How to Make a Smoker From a Keg

Updated November 21, 2016

Meat smokers tenderise meat while cooking it slowly over wood. The contained smoke wafts over the meat flavouring it on the outside. As the wood burns, the heat permeates the meat cooking it thoroughly. The result is meat with a flavour distinctive to the wood it was smoked in. The meat is edible as is or ready for the barbecue. Smoking is an ancient way to preserve meat in the absence of refrigeration. Smokers can be as complex as a small building equipped to smoke whole carcases or a beer keg smoker to handle a single roast or turkey.

Place the empty keg on its side to cut away the top quarter of the keg. Draw a cut line around the circumference of the keg. Straddle the keg and secure it with your legs. Cut the keg with the angle grinder. Cut out the tube that you find inside with the grinder. File down the rough edges of the cut keg with the grinder and wash out the keg.

Make the rack next. The section you have cut off the top of the barrel will become the lid of the smoker. Use it now to size the rack you will place inside. Place the lid on a sheet of heavy-gauge wire mesh. Trace around it to get the proper diameter on the mesh. Use the angle grinder to cut out the rack. The rack will rest inside the barrel on the angle irons that you affix to the keg.

Cut four pieces of heavy-gauge wire or a coat hanger with a wire snip. Twist each piece into an S-shaped hook. These will be used to hang the aluminium pan on the bottom side of the rack to catch the juices from the meat while it smokes. The juice will keep the meat moist as it steams in the pan.

Install the angle irons on the inside of the keg at the top. They will support the rack and also hold the lid tight on the keg when it is closed. Mark a place for each angle iron at equal intervals around the circumference of the keg. Place each angle iron, so half of it rises above the lip of the keg. This will help to brace the lid when it is closed. Drill the holes and bolt on the angel irons.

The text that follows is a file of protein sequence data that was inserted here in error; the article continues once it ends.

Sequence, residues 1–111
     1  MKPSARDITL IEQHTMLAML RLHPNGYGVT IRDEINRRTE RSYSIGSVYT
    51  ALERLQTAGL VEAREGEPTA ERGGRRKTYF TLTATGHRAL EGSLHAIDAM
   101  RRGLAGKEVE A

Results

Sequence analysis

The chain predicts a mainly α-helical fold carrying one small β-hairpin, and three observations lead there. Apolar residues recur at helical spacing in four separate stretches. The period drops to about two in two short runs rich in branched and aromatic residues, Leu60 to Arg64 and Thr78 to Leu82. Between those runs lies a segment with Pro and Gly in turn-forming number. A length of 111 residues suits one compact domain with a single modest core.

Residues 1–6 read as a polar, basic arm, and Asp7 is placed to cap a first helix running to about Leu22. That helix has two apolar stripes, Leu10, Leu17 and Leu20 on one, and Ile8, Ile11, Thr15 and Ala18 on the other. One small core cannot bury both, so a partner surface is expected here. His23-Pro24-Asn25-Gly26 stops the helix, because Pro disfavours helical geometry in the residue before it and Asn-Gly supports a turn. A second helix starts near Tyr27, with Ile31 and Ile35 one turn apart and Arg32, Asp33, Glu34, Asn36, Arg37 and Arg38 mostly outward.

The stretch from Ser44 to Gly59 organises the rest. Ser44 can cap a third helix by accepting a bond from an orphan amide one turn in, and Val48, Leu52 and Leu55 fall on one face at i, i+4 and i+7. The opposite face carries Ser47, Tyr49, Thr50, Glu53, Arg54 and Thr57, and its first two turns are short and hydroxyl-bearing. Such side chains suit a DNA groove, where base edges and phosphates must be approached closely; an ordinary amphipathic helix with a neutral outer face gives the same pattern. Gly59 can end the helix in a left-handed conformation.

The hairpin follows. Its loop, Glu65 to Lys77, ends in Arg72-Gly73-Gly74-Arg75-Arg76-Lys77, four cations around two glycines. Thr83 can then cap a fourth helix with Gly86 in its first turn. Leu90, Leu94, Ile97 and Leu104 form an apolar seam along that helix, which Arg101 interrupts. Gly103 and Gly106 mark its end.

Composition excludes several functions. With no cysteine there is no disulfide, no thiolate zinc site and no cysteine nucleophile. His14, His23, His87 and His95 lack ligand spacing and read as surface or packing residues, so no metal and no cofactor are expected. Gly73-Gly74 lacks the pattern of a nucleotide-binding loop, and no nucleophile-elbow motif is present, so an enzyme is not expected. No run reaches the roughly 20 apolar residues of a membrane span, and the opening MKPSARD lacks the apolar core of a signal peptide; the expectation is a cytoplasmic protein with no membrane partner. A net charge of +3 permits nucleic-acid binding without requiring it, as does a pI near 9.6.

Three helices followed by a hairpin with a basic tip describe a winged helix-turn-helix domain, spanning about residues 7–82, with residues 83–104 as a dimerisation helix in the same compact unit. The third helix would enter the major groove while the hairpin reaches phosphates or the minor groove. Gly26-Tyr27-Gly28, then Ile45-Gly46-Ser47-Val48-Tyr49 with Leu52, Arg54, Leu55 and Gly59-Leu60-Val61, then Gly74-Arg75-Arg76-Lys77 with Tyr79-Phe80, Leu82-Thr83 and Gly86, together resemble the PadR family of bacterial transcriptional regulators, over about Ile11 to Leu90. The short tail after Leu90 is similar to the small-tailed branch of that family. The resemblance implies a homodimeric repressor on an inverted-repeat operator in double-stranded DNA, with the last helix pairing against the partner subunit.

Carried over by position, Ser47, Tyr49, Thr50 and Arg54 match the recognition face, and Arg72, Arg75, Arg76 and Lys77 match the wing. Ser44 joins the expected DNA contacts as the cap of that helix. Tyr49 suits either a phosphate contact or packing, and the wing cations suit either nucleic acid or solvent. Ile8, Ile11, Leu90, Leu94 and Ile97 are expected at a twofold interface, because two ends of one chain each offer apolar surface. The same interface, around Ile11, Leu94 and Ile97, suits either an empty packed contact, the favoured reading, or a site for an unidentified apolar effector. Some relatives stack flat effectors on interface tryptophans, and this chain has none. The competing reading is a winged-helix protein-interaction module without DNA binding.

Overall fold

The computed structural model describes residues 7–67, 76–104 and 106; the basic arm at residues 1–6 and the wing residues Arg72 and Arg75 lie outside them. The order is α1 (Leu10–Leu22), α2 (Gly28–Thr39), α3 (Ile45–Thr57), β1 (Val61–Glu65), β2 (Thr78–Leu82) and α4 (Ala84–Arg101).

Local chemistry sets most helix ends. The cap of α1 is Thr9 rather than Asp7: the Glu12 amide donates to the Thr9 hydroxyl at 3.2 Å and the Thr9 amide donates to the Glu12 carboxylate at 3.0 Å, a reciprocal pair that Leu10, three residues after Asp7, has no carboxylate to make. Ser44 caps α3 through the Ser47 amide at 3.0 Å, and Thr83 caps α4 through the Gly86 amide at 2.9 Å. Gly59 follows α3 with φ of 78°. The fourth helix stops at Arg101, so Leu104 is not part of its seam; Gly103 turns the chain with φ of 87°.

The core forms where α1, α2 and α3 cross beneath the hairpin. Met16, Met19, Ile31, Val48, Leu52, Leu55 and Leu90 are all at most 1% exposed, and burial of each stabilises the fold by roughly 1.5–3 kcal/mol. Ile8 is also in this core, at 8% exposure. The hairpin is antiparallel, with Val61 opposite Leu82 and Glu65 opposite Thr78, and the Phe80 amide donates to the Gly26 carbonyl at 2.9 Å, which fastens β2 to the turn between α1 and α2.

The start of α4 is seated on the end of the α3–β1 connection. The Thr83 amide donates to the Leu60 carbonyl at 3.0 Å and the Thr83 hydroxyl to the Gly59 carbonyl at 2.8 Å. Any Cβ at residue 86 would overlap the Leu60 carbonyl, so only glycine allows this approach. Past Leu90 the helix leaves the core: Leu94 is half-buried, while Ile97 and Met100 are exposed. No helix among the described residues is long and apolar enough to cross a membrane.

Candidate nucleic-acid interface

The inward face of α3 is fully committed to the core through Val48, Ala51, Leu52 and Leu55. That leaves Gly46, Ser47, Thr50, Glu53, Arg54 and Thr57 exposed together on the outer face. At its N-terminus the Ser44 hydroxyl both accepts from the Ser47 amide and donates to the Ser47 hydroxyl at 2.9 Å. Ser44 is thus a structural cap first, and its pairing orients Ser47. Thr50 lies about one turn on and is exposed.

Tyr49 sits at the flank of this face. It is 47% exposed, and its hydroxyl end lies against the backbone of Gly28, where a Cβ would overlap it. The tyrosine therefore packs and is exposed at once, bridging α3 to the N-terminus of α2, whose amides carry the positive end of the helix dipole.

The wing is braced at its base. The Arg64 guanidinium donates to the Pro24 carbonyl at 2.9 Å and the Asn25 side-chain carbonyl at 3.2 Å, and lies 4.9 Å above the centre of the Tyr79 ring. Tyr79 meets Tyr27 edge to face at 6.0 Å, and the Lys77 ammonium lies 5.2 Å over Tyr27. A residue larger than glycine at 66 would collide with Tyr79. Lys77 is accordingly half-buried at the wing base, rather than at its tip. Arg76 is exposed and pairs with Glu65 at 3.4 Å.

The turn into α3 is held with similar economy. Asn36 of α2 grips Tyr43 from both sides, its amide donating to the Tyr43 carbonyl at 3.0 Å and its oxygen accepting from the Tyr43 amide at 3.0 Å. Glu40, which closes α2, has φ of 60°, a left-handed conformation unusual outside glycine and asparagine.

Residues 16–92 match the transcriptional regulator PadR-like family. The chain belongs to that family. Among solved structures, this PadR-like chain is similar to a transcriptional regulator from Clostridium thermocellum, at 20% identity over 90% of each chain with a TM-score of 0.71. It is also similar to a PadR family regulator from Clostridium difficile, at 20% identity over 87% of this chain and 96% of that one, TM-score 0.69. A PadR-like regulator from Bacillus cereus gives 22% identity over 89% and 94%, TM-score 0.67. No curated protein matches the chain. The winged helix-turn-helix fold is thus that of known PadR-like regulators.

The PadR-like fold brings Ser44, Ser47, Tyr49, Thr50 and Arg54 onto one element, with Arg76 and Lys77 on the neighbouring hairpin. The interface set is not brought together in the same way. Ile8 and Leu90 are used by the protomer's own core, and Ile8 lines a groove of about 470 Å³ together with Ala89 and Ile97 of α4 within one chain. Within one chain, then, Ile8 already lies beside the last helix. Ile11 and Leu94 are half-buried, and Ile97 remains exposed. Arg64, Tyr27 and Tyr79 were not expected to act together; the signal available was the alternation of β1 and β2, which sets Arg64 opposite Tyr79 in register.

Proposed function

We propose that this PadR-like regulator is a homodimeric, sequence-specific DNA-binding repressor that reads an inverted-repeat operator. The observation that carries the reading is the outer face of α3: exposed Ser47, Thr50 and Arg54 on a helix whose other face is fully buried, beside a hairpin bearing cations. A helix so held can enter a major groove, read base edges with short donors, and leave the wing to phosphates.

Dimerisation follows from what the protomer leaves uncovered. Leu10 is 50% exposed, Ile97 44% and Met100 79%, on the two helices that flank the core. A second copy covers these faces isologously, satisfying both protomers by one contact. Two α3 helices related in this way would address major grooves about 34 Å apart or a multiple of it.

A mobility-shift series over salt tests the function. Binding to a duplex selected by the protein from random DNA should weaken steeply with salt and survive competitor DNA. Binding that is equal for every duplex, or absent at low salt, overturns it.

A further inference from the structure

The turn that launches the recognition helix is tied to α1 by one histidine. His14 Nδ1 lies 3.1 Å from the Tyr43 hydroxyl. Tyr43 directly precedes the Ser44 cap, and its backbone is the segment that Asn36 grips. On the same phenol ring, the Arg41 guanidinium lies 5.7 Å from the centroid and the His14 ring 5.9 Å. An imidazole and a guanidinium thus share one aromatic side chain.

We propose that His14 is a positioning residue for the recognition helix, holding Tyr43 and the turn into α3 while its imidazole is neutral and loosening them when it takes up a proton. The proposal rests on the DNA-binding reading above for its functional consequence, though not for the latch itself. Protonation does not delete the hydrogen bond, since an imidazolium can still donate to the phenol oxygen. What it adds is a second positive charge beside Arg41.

Cut a half dozen slits to act as vents at the bottom of the keg with the grinder, so the air can flow in when the lid is closed. Make each cut 2 or 3 inches long. Put small logs in the bottom of the smoker for a fire. This must be a small fire. The smoke will do the work. Hang the rack with the pan affixed inside the keg.


Stainless steel kegs can take awhile to cut. Have plenty of grinding discs on hand because the job may take a few discs.

Things You'll Need

  • Empty stainless steel beer keg
  • Angle grinder and several grinding discs
  • Drill with a 3/16 inch titanium bit
  • 2-inch angle irons, 4
  • 3/16 inch steel bolts, 8
  • Sheet of large gauge wire mesh wider than diameter of keg
  • Wire snips
  • Heavy gauge wire of coat hanger
  • Round aluminium pan 4 inches deep with diameter 2 inches less than keg
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About the Author

Roz Calvert was a contributing writer for the award-winning ezine Urban Desires where her travel writing and fiction appeared. Writing professionally since 1980, she has penned promotional collateral for Music Magnet Media and various musicians. The "Now Jazz Consortium" published her jazz educational fiction. She published a juvenile book about Zora Neale Hurston and attended West Virginia University and the New School.